The Slovenia Times

Corruption perceived in Slovenia more than in EU on average


The survey, sponsored by the European Commission and published on International Anti-Corruption Day, shows that the perception of corruption has increased in Slovenia in the last two years.

While two years ago 77% of the surveyed companies said corruption was a widespread phenomenon in the country, this share increased to 90% this year.

The share of those who think that corruption is a rare occurrence has meanwhile dropped from 9% to 6%, and the share of those who could not tell has dropped from 14% to 4%.

However, the discrepancy between the perception and experience of corruption remains very high.

As many as 96% of the Slovenian companies polled answered in the negative to the question whether someone from the state bodies had requested or expected a present, favour or additional money for key documents and permits.

This is 11 percentage points less than in 2017, the survey notes, adding that only 4% of the companies said they knew at least one such case, which is 4 percentage points less than two years ago.

Slovenian companies are meanwhile more convinced that corruption was what prevented them for winning a public contract in the last three years. The share of such companies stands at 50% or 6 percentage points more than in 2017.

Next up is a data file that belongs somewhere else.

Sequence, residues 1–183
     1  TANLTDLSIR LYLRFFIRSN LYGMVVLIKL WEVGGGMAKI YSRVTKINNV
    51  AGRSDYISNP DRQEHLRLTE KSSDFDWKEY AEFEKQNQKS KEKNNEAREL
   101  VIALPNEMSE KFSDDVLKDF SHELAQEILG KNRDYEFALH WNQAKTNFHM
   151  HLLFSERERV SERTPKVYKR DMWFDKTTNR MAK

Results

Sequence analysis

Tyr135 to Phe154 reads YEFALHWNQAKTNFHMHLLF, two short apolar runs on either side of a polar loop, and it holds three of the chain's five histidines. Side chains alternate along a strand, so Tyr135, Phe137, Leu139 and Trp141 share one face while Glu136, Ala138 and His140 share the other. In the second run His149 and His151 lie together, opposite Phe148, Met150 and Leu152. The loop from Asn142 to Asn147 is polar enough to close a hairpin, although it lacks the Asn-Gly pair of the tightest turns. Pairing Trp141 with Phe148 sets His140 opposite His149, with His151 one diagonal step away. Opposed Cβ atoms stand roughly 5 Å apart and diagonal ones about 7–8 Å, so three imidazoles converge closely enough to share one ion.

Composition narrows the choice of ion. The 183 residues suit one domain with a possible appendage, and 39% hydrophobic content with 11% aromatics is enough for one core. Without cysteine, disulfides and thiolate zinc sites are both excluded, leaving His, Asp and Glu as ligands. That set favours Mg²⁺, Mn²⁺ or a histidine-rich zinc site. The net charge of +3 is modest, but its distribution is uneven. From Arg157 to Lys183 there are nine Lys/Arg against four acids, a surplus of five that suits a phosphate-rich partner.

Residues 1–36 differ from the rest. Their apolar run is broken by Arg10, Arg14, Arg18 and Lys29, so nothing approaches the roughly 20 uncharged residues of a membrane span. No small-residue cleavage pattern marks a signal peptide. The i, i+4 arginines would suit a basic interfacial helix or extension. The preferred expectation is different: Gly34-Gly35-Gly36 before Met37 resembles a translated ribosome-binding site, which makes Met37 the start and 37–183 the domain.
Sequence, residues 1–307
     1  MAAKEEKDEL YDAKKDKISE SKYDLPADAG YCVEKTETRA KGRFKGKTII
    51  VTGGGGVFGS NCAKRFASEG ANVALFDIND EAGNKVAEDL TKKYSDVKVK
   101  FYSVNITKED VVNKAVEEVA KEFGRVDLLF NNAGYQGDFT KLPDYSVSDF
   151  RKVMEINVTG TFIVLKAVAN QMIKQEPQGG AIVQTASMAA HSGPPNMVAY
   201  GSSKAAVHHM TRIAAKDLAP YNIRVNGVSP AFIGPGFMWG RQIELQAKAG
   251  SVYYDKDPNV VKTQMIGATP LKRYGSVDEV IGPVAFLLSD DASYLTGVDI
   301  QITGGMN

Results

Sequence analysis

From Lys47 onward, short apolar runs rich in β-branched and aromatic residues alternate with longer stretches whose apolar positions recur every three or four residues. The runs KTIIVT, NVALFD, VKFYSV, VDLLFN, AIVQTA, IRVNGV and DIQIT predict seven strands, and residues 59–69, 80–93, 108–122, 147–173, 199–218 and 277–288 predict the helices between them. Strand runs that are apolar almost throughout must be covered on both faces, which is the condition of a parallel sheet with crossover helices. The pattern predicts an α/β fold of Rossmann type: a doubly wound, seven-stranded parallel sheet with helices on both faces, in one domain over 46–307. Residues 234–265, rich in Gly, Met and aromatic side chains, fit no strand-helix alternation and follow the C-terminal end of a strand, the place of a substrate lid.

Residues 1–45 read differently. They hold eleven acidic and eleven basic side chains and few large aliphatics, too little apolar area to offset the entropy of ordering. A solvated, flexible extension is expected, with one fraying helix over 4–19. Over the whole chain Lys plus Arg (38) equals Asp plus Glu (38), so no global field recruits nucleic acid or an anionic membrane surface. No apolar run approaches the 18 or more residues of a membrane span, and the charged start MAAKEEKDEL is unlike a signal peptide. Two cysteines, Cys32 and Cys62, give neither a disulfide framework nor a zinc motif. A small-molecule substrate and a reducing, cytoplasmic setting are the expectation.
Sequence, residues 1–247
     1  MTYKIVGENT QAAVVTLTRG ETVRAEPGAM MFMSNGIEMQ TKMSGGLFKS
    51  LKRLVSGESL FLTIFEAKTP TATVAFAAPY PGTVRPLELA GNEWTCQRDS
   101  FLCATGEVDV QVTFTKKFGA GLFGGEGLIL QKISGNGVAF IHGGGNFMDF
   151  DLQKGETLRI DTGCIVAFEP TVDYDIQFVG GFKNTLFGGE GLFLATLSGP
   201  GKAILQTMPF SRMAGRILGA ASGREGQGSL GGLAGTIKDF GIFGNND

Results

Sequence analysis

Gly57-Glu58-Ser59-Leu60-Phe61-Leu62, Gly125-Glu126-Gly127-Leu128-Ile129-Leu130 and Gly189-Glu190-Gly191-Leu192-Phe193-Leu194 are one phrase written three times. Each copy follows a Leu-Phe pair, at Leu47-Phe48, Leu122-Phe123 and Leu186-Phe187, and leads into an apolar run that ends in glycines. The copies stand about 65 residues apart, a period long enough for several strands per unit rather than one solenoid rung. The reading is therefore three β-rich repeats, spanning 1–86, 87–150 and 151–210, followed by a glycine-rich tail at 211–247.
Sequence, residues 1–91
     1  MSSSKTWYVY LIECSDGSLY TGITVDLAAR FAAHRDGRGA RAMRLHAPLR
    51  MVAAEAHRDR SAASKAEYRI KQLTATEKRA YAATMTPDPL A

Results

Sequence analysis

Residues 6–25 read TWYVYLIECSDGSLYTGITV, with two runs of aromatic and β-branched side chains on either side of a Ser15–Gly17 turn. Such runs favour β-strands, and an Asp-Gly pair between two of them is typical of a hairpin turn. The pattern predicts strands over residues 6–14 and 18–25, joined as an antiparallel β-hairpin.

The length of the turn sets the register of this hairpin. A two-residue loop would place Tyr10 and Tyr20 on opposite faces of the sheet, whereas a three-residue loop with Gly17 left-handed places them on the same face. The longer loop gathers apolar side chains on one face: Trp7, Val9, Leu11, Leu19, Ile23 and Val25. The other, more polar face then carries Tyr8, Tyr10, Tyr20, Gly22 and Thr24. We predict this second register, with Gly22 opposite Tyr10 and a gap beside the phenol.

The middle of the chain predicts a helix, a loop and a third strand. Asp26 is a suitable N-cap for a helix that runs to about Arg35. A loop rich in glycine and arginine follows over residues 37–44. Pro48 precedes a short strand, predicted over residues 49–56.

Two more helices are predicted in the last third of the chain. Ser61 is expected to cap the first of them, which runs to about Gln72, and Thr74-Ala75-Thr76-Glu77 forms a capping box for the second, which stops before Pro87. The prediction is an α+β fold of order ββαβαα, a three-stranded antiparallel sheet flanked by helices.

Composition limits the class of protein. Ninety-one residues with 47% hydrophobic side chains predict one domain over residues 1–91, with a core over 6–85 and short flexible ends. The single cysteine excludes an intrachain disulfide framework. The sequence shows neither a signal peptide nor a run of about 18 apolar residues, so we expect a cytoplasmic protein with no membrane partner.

On the other hand, 41% of the surveyed companies believe that this was not the case, down five percentage points.

Slovenian companies are sceptical about the prospects of corruption prevention, with the share of companies in Slovenia which believe that the police are not likely to catch corrupt persons or companies or take measures against them.

As many as 70% of the surveyed companies in Slovenia believe that perpetrators of corrupt acts, even if arrested, would not be indicted, and 75% think that courts would not impose high fines or prison sentences on them.

But corruption is apparently not among the biggest problem for companies in Slovenia and the EU, as it is close to the bottom of the list along cronyism and access to financial sources.

Topping the list are tax rates, the fast-changing legislation and complicated administrative procedures.

The survey was carried out between 30 September and 9 October among 180 Slovenian companies.


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